I began to shrink. I withdrew and sat to think. The child could not stay here with us. I began to explain to Phiona and Robert that this child does not fit within the mission statement of our organization. We are called to help children who have lost their parents. We are not a place to come for a better life. This is not a boarding school. We asked jjajja if she had a grandchild who was orphaned. No. The more I thought about it the more concerned I became. I believe God called us to and allows us to take care of orphans. God put this child in a family out in the village. If we take her we are saying to God, “hey God the family you gave her and the place where you put her isn’t as good for her as what we will give her. We’ll just step in and take over her life.” NO WAY was I going to participate in anything that was outside God’s will for our work. If I know anything it is that I don’t know more than God. Duh.
It was so sad. Jjajja was greatly disappointed. She so desperately wants our organization to continue helping someone in her family. I offered to give her a job with us as a house mother and we’ll take care of her and she can help us raise these children. Phiona and Robert carefully explained to me it would be disrespectful for us to make that offer to someone at her stage in life. Well, there was one more idea. We could give her the fund to take and distribute to her grandchildren as she wishes. It belonged to Boniface, so she could help those in her care with it. She liked that idea so she took little June with her and a pocket full of money. I gave her transport funds to return June to her parents.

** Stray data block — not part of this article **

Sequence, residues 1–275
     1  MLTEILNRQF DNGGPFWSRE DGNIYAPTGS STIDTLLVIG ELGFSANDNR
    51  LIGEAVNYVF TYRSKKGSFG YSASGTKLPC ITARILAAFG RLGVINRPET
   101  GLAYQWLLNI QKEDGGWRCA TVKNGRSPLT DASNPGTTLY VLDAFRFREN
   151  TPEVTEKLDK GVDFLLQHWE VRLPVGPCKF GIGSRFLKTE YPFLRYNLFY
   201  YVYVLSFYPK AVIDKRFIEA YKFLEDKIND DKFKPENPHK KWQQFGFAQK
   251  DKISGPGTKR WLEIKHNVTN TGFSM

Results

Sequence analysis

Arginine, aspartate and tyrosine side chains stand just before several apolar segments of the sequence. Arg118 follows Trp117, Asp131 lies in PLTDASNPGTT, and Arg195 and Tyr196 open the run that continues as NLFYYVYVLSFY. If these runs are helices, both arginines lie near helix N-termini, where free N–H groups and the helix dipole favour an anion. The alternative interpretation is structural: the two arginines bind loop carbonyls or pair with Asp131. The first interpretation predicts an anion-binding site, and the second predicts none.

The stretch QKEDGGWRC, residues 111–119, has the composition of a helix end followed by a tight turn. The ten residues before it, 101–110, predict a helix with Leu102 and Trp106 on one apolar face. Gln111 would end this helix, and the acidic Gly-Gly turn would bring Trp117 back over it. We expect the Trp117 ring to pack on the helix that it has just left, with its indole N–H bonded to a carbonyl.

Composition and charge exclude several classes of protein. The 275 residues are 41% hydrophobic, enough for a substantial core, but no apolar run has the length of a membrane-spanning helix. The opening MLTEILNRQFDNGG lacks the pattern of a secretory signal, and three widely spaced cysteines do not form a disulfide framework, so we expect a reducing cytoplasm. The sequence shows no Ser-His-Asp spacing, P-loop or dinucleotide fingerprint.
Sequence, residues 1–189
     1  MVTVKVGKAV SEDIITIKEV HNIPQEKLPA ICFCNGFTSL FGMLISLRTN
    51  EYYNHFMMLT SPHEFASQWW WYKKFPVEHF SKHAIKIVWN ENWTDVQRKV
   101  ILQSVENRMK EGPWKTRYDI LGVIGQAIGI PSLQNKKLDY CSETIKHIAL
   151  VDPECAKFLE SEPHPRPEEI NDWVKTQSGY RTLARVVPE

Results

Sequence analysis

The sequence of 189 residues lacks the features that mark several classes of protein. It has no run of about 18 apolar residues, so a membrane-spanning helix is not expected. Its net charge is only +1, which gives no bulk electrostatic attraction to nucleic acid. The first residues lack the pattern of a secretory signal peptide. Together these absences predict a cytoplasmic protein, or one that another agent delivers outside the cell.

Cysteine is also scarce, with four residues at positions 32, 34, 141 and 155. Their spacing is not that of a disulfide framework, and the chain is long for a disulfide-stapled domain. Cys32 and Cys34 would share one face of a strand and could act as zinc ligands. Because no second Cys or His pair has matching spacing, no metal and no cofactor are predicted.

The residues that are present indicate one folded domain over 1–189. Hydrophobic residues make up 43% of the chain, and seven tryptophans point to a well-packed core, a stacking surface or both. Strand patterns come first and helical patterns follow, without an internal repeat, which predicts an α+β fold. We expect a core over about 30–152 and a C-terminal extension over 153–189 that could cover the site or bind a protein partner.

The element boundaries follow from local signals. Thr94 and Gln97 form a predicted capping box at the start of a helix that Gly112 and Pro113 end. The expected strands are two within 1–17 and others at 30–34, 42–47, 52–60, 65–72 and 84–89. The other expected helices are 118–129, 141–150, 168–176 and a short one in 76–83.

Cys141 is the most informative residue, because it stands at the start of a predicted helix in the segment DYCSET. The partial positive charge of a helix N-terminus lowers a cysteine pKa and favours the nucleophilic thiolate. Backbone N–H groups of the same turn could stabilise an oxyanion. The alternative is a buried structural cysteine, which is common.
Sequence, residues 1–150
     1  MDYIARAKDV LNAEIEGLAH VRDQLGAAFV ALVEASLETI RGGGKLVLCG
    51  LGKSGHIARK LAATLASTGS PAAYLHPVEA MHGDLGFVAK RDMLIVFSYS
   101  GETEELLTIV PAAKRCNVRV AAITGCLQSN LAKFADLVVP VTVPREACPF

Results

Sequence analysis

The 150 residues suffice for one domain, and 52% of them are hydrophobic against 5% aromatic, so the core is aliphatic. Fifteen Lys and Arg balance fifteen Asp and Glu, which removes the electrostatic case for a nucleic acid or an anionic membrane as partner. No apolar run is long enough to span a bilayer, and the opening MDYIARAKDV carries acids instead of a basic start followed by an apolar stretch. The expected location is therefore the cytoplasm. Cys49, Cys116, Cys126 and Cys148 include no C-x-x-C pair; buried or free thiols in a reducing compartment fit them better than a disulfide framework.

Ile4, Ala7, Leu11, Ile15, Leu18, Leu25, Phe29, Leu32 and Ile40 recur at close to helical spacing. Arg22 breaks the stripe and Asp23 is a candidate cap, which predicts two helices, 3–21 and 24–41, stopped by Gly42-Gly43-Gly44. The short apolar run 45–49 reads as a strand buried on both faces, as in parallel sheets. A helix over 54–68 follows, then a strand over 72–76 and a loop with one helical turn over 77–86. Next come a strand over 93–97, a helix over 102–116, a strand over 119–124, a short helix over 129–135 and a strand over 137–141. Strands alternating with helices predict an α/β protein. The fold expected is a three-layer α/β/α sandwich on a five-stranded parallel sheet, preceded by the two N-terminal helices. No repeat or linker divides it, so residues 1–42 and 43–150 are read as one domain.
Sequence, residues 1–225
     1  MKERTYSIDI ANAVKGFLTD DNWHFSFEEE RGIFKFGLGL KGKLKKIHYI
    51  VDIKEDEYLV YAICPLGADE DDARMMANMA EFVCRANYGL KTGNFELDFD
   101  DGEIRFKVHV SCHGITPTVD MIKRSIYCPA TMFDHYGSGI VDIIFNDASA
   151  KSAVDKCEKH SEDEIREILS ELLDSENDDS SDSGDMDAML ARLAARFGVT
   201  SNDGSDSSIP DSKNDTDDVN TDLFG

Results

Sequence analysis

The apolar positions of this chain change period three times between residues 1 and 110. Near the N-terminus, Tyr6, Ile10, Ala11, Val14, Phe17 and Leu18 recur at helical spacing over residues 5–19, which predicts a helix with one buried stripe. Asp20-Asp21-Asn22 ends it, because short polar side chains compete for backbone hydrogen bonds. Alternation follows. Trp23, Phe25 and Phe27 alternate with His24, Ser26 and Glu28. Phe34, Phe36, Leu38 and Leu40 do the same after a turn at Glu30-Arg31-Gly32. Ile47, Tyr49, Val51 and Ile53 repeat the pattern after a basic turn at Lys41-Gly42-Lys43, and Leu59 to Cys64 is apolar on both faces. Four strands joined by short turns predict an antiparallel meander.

We were disappointed because we looked forward to helping another child, but also relieved because we cannot change our mission boundaries just because we are sympathetic to a favored jjajja. If we took a child who was not orphaned we would invite all sorts of ethical problems. People everywhere would complain that we made an exception for her but not for their child. I know somehow some day God will bring another child to our family, but we will wait for the one who doesn’t have parents on this earth to take care of them. Then we will know it is our privilege to welcome the child.
I’ve always known for sure this work is not about me being a savior. I have a savior, Jesus, and I’m never going to put myself anywhere near his job description. I admit when we can help change an orphan’s life it feels like the greatest rush and adrenaline pumping high. But I won’t be a junkie for it. I’ll wait for the right match. I’ll remember always that God is in charge and I work for Him. I won’t change the rules in the middle of the game.